I am, though, delighted that Apple has chosen to fully support the Qi standard, so we’ll be able to choose our charging mat from the wide variety out there. Mostly I like to be able to see my phone’s screen while it’s charging, to see notifications and the state of HomeKit devices, so I’m more likely to go for a stand version than a flat one.
That said, I do think Apple’s upcoming combined mat for iPhone, Watch and AirPods will be appealing for a lot of people, and I may end up throwing one of those into the mix.
I’ve said before that augmented reality excites me way more than virtual reality. I think it will be huge, so I was extremely disappointed by the fact that Apple only showed games in the keynote. The whole AR angle seemed to me to have been very badly underplayed.
We noted before that Apple isn’t using the dual camera setup in the iPhone 7 to enhance its AR capabilities, perhaps because it wants AR to be accessible to as many people as possible. But it still seemed to me strange that it was launching a new iPhone with 3D cameras as a key feature yet said little about how the iPhone X might enable the best possible AR experience.
I’m sure it will, if for no other reason than the increased performance and display quality, but it’s odd that Apple didn’t make more of it.
Animoji. I’m sure lots of people will love this feature. Me, I’ll probably use it once and then never again.
Which brings us to price.
I’m firmly convinced that Apple leaked the $999 figure in advance, just to give us all time to get used to the idea. It’s not that big a jump if you’re coming from an iPhone 7 Plus, but for most of us that’s quite a hike.
But if you look at that line-up, it doesn’t look out of place. While still steering clear of the budget end of things, Apple now has a very good spread of prices from mid-market to top-end.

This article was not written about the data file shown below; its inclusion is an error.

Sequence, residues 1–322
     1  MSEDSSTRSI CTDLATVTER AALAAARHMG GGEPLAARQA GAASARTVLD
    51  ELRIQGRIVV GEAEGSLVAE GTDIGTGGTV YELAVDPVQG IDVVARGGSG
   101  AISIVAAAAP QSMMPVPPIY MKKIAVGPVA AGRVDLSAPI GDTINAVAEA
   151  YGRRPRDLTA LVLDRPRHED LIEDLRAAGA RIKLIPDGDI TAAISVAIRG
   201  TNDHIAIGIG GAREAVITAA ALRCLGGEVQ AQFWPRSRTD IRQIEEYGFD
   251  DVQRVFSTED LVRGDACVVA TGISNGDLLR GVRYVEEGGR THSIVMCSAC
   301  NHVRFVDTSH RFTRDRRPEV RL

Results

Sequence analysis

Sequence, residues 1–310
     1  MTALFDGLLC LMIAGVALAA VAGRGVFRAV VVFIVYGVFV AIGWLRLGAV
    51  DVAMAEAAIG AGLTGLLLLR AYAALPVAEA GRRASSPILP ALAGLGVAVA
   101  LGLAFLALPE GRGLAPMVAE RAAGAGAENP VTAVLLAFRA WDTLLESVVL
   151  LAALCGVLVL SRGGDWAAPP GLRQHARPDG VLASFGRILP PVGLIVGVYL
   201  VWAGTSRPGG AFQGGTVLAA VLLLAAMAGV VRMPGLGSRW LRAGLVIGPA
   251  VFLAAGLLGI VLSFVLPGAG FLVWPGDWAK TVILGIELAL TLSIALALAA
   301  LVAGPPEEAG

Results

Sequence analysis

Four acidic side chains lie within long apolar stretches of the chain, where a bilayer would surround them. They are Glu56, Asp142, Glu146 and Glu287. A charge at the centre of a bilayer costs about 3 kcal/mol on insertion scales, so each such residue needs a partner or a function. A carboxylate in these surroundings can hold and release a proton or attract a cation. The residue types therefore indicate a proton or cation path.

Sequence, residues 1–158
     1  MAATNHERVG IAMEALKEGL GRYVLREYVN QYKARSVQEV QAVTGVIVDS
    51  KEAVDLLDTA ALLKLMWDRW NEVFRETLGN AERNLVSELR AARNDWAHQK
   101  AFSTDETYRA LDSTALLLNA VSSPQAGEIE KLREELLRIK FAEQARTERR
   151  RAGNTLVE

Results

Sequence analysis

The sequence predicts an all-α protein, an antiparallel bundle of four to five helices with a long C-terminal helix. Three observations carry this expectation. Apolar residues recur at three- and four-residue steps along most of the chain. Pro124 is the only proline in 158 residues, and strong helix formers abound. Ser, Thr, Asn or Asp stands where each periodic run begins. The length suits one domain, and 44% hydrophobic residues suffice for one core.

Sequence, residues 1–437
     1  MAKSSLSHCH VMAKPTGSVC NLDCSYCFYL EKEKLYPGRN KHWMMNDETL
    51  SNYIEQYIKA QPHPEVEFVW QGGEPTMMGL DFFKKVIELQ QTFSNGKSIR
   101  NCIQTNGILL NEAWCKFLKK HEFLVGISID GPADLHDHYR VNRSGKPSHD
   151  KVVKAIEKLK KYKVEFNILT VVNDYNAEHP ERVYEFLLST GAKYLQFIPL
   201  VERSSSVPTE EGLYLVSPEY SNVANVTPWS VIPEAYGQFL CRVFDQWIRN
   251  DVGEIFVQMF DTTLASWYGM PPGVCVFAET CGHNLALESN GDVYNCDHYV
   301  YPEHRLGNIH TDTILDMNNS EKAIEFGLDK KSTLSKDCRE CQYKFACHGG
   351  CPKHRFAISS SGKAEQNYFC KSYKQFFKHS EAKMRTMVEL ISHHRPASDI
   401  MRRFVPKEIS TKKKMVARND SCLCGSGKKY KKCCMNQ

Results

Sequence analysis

Personally, when you consider the fact that the iPhone 8 is really just an iPhone 6sss, I’d say the $300 jump from that to the iPhone X is, well, if not reasonable, then at least understandable.
I can see one reason some might opt for the iPhone 8 Plus: if you’re coming from the 7 Plus and are used to the iPad-like split-screen view in landscape mode. But for everyone else, I think buying an iPhone 8 makes little sense if your budget could stretch to the X.
Sure, a $300 difference sounds a lot – and it is, as a lump sum. But if you keep an iPhone for two years, the difference is down to a little over ten bucks a month. Factor in the increased resale value and it’ll be significantly less than that.
To me, 64GB feels a little tight in these days of 4K video. It’s what I have on my iPhone SE, and I can’t keep much video on it, so I’ll be opting for the 256GB model. Apple’s UK pricing is pound-for-dollar, so that’s going to cost me £1149. To put that in perspective, just £100 more would get me a 12-inch MacBook.
So yes, paying that much for a phone does make me cringe. But, of course, it’s not just a phone: it’s an extremely capable pocket computer, a very able compact camera, an iPod, a pocket videophone and so on. It helps to think of it as a very small MacBook.
Availability, too, is a shock. Clearly all those reports of production difficulties were right. I don’t mind waiting, but I sure as heck hope Apple will hype the iPhone X in-store, otherwise a lot of normals – who know little about the upcoming flagship – are going to buy the iPhone 8 this month and be extremely annoyed two months later.
It’s honestly getting pretty hard to wow people with a phone these days. I think the iPhone X gets as close to that as is possible just now.
But accepting that it doesn’t wow me because no phone does, I’m left with the fact that it does impress me. It looks great. The screen quality seems like it will be fantastic. The camera improvements likewise. Face ID is convenient and a nice gadget feature. Given my conversion to wearing jackets, I can trade-off the pocketability of the iPhone SE for these benefits.
As I often say to friends who umm and aah over expensive toys, life is short: if you want it, and you can afford it, then buy it. I shall be taking my own advice.